Medicine and Health
The History of Medicine and Health Working Group meets monthly to discuss a colleague’s work in progress or to discuss readings that are of particular interest to participants. Meetings are usually held from 3:30 to 5:00 on third Fridays.
Scholars can participate online, or at the Consortium offices in Philadelphia, 431 Chestnut Street, Philadelphia, PA 19106, or at the New York Academy of Medicine, 1216 Fifth Avenue (@ 103rd Street), New York, NY 10029.
Paul Theerman is Associate Director of the Center for the History of Medicine and Public Health at the New York Academy of Medicine. He manages the Center's collections and participates in programming and outreach efforts.
Nancy Tomes is Distinguished Professor of History at Stony Brook University. Her research interests include U.S. social and cultural history and the history of medicine, women, and gender.
Keith Andrew Wailoo is Townsend Martin Professor of History and Public Affairs at Princeton University. His research and teaching interests include the history and cultural politics of disease; drugs and drug policy; race, science, and health; and health policy and medical affairs in the U.S.
There are no currently scheduled upcoming events.
April 17, 2015
A discussion between two authors who have recently written books about pain: Keith Wailoo, the author of Pain: A Political History, and Joanna Bourke, the author of The Story of Pain: From Prayer to Painkillers. Keith commented on Joanna's book, Joanna on Keith's, followed by questions and discussion from all seminar participants.
March 20, 2015
The group discussed a draft paper by Christopher Willoughby of Tulane University, entitled "Running Away from Drapetomania: Samuel Cartwright, Medicine, and Race in the Antebellum South." Sharla Fett of Occidental College and Michael Sappol of the National Library of Medicine provided commentary to start the discussion.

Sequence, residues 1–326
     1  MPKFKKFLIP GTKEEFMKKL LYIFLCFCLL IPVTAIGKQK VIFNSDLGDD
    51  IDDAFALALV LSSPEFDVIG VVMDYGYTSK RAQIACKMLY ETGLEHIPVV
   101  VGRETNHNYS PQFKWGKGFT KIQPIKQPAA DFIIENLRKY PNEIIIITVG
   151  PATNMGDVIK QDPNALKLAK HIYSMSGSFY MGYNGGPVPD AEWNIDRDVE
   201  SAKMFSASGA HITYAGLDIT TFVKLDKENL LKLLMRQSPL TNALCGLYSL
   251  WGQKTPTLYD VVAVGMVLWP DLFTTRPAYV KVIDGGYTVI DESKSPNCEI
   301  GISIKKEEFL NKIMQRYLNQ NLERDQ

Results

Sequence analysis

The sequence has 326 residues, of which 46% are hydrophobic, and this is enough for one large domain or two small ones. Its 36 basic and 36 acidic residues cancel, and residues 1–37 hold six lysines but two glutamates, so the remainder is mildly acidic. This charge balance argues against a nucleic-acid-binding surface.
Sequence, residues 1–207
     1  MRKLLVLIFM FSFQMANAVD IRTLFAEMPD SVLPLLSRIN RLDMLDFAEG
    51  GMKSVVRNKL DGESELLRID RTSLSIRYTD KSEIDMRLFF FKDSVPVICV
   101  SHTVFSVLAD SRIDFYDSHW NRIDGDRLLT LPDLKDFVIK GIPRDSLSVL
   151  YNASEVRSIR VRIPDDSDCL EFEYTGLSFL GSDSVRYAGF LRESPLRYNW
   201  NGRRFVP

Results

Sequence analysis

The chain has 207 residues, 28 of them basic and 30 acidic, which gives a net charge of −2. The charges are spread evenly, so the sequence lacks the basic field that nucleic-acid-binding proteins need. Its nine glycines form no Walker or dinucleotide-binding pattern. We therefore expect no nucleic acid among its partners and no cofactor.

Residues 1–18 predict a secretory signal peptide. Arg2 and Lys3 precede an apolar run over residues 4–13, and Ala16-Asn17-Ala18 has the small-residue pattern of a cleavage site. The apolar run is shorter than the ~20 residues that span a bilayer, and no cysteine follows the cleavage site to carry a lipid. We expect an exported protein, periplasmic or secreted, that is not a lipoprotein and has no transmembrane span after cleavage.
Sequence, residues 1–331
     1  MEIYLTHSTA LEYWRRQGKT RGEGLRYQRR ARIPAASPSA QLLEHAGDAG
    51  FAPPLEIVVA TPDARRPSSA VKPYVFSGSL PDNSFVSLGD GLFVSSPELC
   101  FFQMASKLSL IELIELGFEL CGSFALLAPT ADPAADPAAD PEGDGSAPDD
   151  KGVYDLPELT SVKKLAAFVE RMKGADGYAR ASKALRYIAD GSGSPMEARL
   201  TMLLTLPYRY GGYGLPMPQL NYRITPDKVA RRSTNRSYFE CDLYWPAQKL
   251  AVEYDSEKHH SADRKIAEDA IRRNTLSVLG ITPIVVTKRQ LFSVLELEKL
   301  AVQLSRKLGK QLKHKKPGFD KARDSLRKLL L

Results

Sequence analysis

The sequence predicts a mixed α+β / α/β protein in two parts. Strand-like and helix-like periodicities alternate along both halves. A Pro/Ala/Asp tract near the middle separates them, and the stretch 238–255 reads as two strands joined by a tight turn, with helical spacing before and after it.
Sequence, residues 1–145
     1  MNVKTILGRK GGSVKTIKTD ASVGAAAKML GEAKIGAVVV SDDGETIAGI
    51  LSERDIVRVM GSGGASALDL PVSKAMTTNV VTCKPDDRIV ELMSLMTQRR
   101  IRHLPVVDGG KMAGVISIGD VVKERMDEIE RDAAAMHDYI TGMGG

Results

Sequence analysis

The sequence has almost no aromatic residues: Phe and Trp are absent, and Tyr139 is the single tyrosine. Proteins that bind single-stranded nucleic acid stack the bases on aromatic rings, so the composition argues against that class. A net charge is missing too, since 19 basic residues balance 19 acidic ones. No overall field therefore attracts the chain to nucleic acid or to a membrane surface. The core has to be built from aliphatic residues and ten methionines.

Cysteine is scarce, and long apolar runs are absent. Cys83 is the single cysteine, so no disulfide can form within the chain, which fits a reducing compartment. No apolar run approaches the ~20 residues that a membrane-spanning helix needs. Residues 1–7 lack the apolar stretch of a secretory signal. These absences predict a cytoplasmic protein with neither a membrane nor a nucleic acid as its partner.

January 16, 2015
James Colgrove of Columbia's Mailman School of Public Health, Shobana Shankar of Stony Brook and David Barnes of UPenn discussed the Ebola epidemic in historical context.
May 6, 2014
Deanna Day of UPenn introduced her paper "'As Modern As Tomorrow': Toward a History of the Medicine Cabinet as Architectural Innovation and Ontological Category."
April 1, 2014
Julia Mansfield of Stanford University and PACHS introduced her paper, "Restoring Civility to Commerce: Samuel Mitchill's Response to Quarantine in the Napoleonic Age."
March 4, 2014
Margaret Marsh of Rutgers University introduced her paper "The Road to IVF: From 'Fatherless' Sea Urchins to Human 'Conception in a Watch Glass'"
February 4, 2014
Bridget Gurtler of Princeton University introduced her "Desiring Reproduction: Donor Insemination and the Eugenic Politics of Pleasure in Interwar America"
December 3, 2013
Johanna Schoen of Rutgers University introduced her paper "Constructing the Truth About Abortion: The Debate Surrounding intact D&E"
November 5, 2013
Meggie Crnic of the University of Pennsylvania introduced her "Nature's Cure,": The Seashore as Therapeutic Site, 1870-1930.
October 1, 2013
David Barnes of the University of Pennsylvania introduced his draft paper Cargo, "Infection," and the Logic of Quarantine in the Nineteenth Century